Dubious Chinese-owned companies want to capture Namibian penguins, dolphins, and killer whales for Asian aquarium and zoo trade.
African penguin / Photo by Dr. J. Kemper
Up till now the demand for animal parts, such as rhino horn, to be used in traditional Chinese medicine, spurred poaching in Namibia and too often this traffic lead to China. And as if this were not sad enough, there is now growing demand for especially live marine wildlife, to fill China's exploding theme park industry. Although the practice of capturing wild animals for captivity is viewed worldwide as illegal and in contravention of international conventions, China has currently 39 marine parks, from massive facilities to tiny tanks in shopping malls and another 14 are under construction. This leads to a worrying high demand for live cetacean species.
Since late September 2016, the Namibian Fisheries Ministry is considering a proposal by Welwitschia Aquatic and Wildlife Scientific Research (registered in Namibia but owned by a Chinese businessman) in partnership with Beijing Ruier Animal Breeding and Promoting Co. (Chinese company), requesting the capture and export of endangered 10 orcas (killer whales), 500 - 1000 Cape fur seals, 50 - 100 Indo-Pacific bottlenose dolphins, 50 - 100 common bottlenose dolphins, various sharks and 300 - 500 African penguins to China.
These companies have offered N$ 30 million for the deal, however, all these species are registered as protected species by the Namibia Marine Resources Act and several of these species, such as orcas and African penguins, are protected under the Convention on International Trade in Endangered Species (CITES), making it illegal for any entity to capture and export them.
The proposed "harvest" of many of the listed species, motivated by the false statement that Namibian waters are stocked with "abundant marine lives", could wipe out Namibia's populations of these animals, since for example fewer than 100 common bottlenose dolphins inhabit Namibian waters, but the Chinese list a request to capture up to 100 a year.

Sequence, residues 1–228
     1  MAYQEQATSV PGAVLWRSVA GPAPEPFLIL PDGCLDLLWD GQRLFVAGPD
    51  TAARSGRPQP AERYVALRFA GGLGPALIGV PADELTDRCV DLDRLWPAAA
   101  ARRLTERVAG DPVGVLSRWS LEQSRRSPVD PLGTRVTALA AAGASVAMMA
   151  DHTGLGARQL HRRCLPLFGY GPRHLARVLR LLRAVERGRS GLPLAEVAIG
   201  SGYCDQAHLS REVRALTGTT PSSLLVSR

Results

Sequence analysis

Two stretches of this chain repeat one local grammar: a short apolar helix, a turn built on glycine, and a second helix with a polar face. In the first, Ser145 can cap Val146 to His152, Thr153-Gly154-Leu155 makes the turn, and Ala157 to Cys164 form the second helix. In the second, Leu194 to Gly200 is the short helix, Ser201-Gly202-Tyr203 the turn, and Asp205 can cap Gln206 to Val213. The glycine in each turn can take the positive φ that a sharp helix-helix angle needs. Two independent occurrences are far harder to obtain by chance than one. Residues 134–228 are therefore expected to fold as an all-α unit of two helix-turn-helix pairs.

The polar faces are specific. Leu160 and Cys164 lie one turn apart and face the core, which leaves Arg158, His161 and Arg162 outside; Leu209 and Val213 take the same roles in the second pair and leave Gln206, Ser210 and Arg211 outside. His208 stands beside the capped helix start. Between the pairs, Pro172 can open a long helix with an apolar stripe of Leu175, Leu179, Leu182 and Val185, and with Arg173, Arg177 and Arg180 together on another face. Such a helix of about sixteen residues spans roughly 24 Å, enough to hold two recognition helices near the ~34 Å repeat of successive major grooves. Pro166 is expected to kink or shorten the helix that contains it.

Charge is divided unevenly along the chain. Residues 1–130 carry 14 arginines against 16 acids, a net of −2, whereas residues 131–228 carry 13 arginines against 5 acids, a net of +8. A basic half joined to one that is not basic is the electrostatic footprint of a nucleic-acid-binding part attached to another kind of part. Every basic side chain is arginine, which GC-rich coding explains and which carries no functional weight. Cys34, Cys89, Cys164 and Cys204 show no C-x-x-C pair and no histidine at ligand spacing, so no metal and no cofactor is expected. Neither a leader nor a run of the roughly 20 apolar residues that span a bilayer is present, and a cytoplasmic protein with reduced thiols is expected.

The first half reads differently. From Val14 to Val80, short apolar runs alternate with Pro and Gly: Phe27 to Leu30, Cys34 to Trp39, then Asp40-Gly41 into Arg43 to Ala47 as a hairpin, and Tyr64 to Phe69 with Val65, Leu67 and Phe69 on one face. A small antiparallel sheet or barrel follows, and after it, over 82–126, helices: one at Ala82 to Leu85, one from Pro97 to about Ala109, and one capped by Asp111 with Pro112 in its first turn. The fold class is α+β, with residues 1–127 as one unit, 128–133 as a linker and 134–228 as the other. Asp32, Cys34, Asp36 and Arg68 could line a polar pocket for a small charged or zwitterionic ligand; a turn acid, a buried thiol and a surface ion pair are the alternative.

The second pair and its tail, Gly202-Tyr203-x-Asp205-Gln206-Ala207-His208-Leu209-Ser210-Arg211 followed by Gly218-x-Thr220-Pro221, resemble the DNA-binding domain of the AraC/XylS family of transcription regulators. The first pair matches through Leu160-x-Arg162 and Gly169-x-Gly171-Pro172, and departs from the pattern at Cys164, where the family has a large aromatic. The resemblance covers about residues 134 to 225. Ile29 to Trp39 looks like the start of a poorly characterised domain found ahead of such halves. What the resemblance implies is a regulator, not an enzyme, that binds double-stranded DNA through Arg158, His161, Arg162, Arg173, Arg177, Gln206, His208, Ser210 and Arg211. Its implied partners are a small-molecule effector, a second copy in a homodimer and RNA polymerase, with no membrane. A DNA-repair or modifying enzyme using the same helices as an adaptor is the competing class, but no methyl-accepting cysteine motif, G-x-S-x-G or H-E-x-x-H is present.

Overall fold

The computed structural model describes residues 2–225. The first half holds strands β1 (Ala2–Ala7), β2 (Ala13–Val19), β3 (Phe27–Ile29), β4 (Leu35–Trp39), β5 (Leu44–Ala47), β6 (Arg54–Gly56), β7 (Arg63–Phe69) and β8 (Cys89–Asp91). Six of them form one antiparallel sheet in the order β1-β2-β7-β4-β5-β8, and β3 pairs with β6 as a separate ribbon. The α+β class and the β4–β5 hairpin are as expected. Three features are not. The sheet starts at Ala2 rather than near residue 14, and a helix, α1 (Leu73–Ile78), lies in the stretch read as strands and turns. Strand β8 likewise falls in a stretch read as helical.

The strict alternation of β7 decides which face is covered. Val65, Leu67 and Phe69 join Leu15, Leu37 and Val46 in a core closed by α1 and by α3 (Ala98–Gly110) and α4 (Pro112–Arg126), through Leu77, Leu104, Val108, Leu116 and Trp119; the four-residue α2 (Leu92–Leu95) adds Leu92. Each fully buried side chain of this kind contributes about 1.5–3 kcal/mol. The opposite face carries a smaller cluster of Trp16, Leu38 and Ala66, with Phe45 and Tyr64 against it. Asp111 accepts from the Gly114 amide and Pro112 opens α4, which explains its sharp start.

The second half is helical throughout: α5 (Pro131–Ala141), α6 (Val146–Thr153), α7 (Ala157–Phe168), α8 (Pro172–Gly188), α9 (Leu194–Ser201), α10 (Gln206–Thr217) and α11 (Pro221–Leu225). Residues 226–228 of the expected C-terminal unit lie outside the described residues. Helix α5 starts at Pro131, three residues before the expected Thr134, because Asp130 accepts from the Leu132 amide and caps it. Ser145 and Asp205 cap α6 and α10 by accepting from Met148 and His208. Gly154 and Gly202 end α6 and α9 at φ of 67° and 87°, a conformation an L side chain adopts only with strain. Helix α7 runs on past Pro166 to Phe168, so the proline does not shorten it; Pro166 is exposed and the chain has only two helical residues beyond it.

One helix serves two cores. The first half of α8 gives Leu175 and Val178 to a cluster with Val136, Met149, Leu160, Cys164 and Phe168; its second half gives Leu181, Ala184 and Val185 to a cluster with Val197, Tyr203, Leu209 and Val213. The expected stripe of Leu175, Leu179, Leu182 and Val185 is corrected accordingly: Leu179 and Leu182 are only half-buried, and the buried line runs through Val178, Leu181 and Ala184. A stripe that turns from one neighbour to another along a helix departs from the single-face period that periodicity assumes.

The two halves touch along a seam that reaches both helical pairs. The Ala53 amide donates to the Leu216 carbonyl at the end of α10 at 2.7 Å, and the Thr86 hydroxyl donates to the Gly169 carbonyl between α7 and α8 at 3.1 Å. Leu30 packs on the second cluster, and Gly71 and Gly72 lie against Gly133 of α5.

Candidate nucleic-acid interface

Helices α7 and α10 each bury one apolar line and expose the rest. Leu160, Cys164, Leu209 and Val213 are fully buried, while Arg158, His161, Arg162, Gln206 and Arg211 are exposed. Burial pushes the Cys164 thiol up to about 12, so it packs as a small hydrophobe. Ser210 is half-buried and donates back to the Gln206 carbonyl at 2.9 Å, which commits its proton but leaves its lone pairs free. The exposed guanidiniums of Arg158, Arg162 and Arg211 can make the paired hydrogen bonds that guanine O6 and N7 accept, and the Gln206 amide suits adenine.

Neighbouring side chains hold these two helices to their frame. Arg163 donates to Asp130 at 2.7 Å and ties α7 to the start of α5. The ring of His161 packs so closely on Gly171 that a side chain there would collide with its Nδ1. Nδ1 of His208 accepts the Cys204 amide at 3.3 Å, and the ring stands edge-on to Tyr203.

Even the African penguin (Spheniscus demersus), also known as the jackass penguin and the only penguin species that breeds in Africa, confined to Namibian and South African waters, is an endangered species.
The African penguin has experienced rapid population declines in the past. Roughly 4 million African penguins still existed in 1810. Exploitation for food, fuel to supply ship boilers and for fat reduced their numbers down to about 1.5 million in 1910. The rapid population decline of the penguin to some 50 000 between 1910 and 2010 is largely attributed to overexploitation of eggs, habitat loss of nesting sites through the extraction of guano deposits, oil spillage and competition with commercial fishing for food resources.
Oil covered penguin Photo by Dr. Kemper
Today the global population roams around 50 000 from which 5500 breeding pairs live in Namibian waters.
Given an annual rate of decline of about 2% per year, there is considerable concern about the long-term viability of African penguins in the wild.
Apparently this catastrophic collapse in numbers is not yet worrying enough, since already before any authorization for the capture request is granted, the new threat, the "Chinese predation", lurks in the form of the Russian whaling vessel, Ryazanovka, in Namibia's main harbor Walvisbay since August this year. This vessel is manned by a Chinese crew but even more disturbing is the fact that the Ryazanovka is known to have been involved in the controversial capture of orcas in the Sea of Okhotsk in eastern Russia some years ago.
What causes frustration and heavy criticism locally and globally is the fact that the Namibian Fisheries Ministry is dragging their heels on this issue instead of just not to consider this proposal, which in any case has a lack of scientific relevance.
Herewith BirdsConTour and its readers worldwide urge that in the interest of responsible resource management, Namibia's penguins and other affected wildlife and the country, the application be denied.
The grant of a permit for this request would have a devastating effect - not only for the captured animals but potentially for the Namibian marine ecosystem and for the Namibian tourism branch as well.